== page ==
Bodhidharma (b. 450 CE) is the Indian master who is credited with having brought the form of Buddhism emphasizing meditation to the Far East. He was from Kanchi, renowned as the site of the Great Stupa, in what was then the Pallava kingdom of South India. When his spiritual mentor, Prajnatara, advised him to go to China, he left by ship and arrived in the south of that country in about 475. According to his devotees, he is considered the 28th master in a direct line from Buddha Shakyamuni. Shi Da Yang is one Chinese form of his name. In Japanese, he is called Daruma Taishi.The 15th-century Japanese image by Bokkei [above] is courtesy Buddhanet. Here, as in many other scroll paintings, he is portrayed as a fiercely wild-eyed monk. One traditional explanation for this extraordinary appearance is that he sat in meditation in a cave facing a blank wall for nine years. So as not to succumb to sleep before attaining enlightenment, he cut off his own eyelids. Legend says that tea-plants sprang from the place where his eyelids fell. The site of his 9-year meditation is a cave in China not far from the site of the Shaolin Temple. A few years after his death, which is conservatively given as 528, a Chinese official reported encountering Bodhidharma in the mountains of Central Asia. He was described as walking with a staff from which hung a single sandal, and told the official that he was on his way back to the land of his birth. Legend also says that when this account reached India, the monks opened Bodhidharma's tomb only to find a single sandal. Near the end of The Life of Milarepa, we learn that the great Tibetan yogi had met "Dharma Bodhi, the Indian saint," but that would place his life some 500 years later. Also, some think that Bodhidharma and Padampa Sangye, Machig Labdron's teacher, are one and the same person.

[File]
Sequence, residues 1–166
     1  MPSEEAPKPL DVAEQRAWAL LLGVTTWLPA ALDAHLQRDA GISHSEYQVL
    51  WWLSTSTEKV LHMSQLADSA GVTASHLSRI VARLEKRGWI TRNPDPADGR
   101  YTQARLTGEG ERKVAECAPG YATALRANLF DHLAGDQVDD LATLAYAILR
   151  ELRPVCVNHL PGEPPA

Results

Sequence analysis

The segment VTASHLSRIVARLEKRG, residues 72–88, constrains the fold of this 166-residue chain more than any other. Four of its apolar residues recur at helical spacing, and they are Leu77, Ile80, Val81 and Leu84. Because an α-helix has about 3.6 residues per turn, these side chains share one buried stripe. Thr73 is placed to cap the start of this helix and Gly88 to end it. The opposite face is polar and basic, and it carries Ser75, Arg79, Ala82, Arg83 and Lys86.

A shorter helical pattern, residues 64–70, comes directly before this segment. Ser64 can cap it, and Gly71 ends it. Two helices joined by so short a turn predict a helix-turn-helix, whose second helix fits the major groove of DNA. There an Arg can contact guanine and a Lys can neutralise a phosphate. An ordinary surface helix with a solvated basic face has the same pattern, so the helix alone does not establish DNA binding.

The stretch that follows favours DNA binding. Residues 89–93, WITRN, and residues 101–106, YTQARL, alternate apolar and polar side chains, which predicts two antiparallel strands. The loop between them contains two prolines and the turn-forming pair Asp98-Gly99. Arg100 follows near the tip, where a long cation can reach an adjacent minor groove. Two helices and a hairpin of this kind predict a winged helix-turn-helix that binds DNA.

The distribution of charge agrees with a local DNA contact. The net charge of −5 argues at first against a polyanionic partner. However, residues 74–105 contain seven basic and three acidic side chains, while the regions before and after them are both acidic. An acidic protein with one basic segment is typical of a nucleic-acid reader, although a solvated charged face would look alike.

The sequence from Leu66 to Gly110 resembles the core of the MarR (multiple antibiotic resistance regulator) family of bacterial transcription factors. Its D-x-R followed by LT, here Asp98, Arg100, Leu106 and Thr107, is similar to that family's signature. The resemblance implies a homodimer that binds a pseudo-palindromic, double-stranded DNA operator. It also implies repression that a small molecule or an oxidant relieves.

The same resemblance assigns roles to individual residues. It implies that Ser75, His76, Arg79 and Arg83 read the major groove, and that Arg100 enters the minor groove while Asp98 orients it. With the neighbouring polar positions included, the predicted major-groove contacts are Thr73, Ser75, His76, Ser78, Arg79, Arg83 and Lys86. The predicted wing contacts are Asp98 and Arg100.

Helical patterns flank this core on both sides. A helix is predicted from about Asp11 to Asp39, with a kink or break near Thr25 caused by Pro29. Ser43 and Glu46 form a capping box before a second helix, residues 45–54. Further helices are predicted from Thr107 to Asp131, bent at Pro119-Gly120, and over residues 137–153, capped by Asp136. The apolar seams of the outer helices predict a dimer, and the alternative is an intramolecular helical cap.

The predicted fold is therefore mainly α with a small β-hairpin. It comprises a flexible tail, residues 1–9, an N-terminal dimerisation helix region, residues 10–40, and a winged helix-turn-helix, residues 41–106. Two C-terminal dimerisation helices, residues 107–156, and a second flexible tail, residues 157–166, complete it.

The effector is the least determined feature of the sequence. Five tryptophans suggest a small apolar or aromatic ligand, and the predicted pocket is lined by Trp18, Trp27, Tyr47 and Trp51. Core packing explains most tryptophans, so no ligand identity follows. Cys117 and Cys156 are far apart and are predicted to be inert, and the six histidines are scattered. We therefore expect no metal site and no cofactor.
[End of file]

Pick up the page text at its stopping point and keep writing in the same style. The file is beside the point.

Tao-husan's Further Lives of Exemplary Monks, dating from 645, mentions the collected sermons of Bodhidharma. In the 20th-century, T'ang dynasty manuscript copies were found in China's Tunhuan caves that were in use from the 7th through the 8th centuries. Previously, only 14th-century copies were known.
In the collection known as The Zen Teachings of Bodhidharma, the master says:
The only reason I've come to China is to transmit the instantaneous teaching of the Mahayana: This mind is the Buddha. I don't talk about precepts, devotions or ascetic practices such as immersing yourself in water and fire, treading a wheel of knives, eating one meal a day, or never lying down. These are fanatical, provisional teachings. Once you recognize your moving, miraculously aware nature, yours is the Mind of all Buddhas.
The two Sutras that formed the basic texts of early Ch'an, the Lankavatara and the Diamond, are shared with Vajrayana Buddhism.During his life he had few disciples, only the names of three are known. Bodhidharma transmitted his line age to Hui-k'o, who reportedly cut off his own arm to show he had got the transmission.
As we have seen, Zen is the Japanese pronunciation of Ch'an. It developed in Japan in the Kamakura period when, in 1191, a monk named Eisai brought the Ch'an method to Kyoto. Ch'an or Zen is like Mahamudra [Kagyu method] and Dzogchen [Nyingma method] in that it is direct and immediate. Therefore, Zen has always stressed meditation over study and theory, and has been known as "the transmission that does not depend on teaching" or in Japanese: kyoge betsuden.
A koan (in Korean kong-an) is puzzling proposition or phrase, but it is not merely a paradox designed to shock the mind. It is an integral part of a system honed over centuries to help bring a student to a direct realization of ultimate reality. From the Japanese ko meaning public, and an meaning proposition, koans can be questions, excerpts from sutras, episodes in the life of a master, or just a word from a famous dialogue (Jap.: mondo) or teaching. There are about 1,700 traditional koans in existence.